There are some moral precepts that are so deeply embedded in our current culture that almost everybody falls in line with them, seeing them as absolutely just without question, and hence people fall into the usual base drama surrounding them rather than having the perspective to see them for what they are. “Loyalty,” as pertaining to relationships, is one such precept.
The usual story goes that, if you love the person, you’re in a relationship with, you shouldn’t ‘hurt’ them by having sexual or romantic encounters or relations with other people, and also, commonly, that if you truly love somebody then you wouldn’t want to have such relations with others in the first place. This precept is so normative that violating it is typically considered immoral.
But there are a couple of problems with this mindset. First, putting a restriction on how your partner is allowed to share his or her love or sexuality with others is not based in love, it’s based in fear, ego, and possessiveness. Love wouldn’t restrict out of selfishness what venues your partner is allowed to take to bring them joy or pleasure.
Second, the hurt one feels when their partner ‘cheats’ on them is based in a quid-pro-quo model of relationships. I’ll give you this if you’ll give me that. Pure, true love is unconditional and doesn’t require anything. Closely related to—and maybe even, ultimately, a synonym of—love is freedom, and if you purely love your partner, you’ll give them total freedom. You won’t be hurt if they have relations with another human because you’re not looking primarily to get something from them.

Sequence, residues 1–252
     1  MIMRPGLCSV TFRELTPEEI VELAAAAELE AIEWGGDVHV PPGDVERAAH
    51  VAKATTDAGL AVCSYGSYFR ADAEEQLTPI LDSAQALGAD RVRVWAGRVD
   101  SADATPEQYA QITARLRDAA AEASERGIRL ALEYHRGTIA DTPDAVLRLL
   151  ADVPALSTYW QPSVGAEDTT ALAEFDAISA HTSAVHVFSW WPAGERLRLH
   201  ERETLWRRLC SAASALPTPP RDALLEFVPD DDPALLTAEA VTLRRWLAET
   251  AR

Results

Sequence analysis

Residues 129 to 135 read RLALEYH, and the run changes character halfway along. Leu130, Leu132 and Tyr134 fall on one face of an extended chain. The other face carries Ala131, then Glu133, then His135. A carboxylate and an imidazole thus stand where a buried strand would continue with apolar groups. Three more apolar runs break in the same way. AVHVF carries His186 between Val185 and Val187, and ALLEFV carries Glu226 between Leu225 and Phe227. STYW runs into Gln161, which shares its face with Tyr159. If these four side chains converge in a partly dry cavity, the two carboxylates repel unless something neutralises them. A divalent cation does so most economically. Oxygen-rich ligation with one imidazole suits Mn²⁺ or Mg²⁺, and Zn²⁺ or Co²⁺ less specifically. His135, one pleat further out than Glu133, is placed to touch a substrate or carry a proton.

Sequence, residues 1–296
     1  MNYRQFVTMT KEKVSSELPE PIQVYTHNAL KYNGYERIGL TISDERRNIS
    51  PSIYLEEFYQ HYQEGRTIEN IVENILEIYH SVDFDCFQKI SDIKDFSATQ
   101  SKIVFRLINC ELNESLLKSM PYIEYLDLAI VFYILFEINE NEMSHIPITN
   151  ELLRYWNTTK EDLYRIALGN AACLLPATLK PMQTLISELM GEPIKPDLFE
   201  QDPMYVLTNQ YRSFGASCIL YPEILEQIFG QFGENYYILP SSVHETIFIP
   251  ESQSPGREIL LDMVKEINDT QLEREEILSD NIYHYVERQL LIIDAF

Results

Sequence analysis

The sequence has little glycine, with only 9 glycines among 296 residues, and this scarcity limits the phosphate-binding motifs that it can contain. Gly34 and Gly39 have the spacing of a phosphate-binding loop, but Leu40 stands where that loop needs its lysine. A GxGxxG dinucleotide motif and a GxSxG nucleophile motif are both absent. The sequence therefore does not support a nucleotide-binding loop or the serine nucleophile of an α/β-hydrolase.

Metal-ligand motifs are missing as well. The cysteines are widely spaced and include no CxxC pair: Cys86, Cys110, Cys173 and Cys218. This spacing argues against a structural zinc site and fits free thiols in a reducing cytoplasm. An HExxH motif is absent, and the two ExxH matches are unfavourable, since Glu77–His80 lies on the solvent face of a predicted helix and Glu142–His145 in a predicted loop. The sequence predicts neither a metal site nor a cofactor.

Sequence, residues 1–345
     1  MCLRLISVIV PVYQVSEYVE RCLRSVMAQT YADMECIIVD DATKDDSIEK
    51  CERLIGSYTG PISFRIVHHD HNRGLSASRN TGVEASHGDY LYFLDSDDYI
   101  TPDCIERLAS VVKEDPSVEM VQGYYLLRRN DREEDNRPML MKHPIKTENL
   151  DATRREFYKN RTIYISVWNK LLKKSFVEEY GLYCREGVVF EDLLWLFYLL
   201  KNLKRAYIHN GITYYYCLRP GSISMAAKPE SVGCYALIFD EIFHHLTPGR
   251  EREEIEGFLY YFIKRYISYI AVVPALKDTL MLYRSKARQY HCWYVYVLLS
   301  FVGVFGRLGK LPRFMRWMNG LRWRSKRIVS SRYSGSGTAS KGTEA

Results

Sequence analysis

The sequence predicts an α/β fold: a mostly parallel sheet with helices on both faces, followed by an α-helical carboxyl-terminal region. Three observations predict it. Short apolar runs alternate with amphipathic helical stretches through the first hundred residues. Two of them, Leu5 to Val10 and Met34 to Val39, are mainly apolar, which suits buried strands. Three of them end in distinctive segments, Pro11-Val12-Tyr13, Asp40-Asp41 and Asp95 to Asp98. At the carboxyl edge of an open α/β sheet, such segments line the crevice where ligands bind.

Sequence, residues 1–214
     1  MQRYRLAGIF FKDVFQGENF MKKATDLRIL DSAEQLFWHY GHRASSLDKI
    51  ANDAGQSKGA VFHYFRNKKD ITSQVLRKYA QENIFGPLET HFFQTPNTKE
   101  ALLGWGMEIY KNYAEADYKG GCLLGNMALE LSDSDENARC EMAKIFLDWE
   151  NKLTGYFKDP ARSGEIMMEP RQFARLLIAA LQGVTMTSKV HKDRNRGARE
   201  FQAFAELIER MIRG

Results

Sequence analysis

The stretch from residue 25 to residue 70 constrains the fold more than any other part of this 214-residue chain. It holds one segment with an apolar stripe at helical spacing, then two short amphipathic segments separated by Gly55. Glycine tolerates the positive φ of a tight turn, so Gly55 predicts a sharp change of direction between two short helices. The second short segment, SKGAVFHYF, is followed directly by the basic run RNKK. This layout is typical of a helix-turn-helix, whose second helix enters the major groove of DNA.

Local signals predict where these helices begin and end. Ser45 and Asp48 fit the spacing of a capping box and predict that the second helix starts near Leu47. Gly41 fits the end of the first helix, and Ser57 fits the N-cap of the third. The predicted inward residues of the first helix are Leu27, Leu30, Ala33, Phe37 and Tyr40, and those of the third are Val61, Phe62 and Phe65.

The idea of wanting/needing others to make us happy is why most relationships fail and end in hatred and bitterness. We place all these spoken and unspoken demands on the other, and when they fail to meet our demands, it results in arguments or passive-aggressive behavior. Eventually all this frustration boils to the brim and the relationship suffers a fiery death. The king of these demands is, of course, so-called fidelity.
As to the notion that if you truly love someone you won’t want to ‘cheat’ on them, I think that’s false. It’s completely possible to be romantically (or sexually) attracted to more than one person at the same time, and stifling the flame you have for one person for the sake of another person’s ego is tragic. It’s death in degrees.
And even if being attracted to a third person does mean you don’t love your partner, why should you have to be bound to ‘faithfulness’ to someone you don’t love? I get that the ideology goes that if you don’t love the person anymore you should break up with them rather than ‘cheat’ on them, but that’s still based on the idea that ‘cheating’ is wrong which is, again, based in possessiveness and the quid-pro-quo paradigm of relationships.
All of the above is why whenever I hear the word “cheating” in the context of relationships, it sounds thick with ideology. Similarly, using the terms “fidelity,” “loyalty” and “faithfulness” in the same context seems like abuses of the underlying meanings of those terms. So let us please erase the term “cheating” from our cultural lexicon and stop regarding it as an axiomatically immoral act.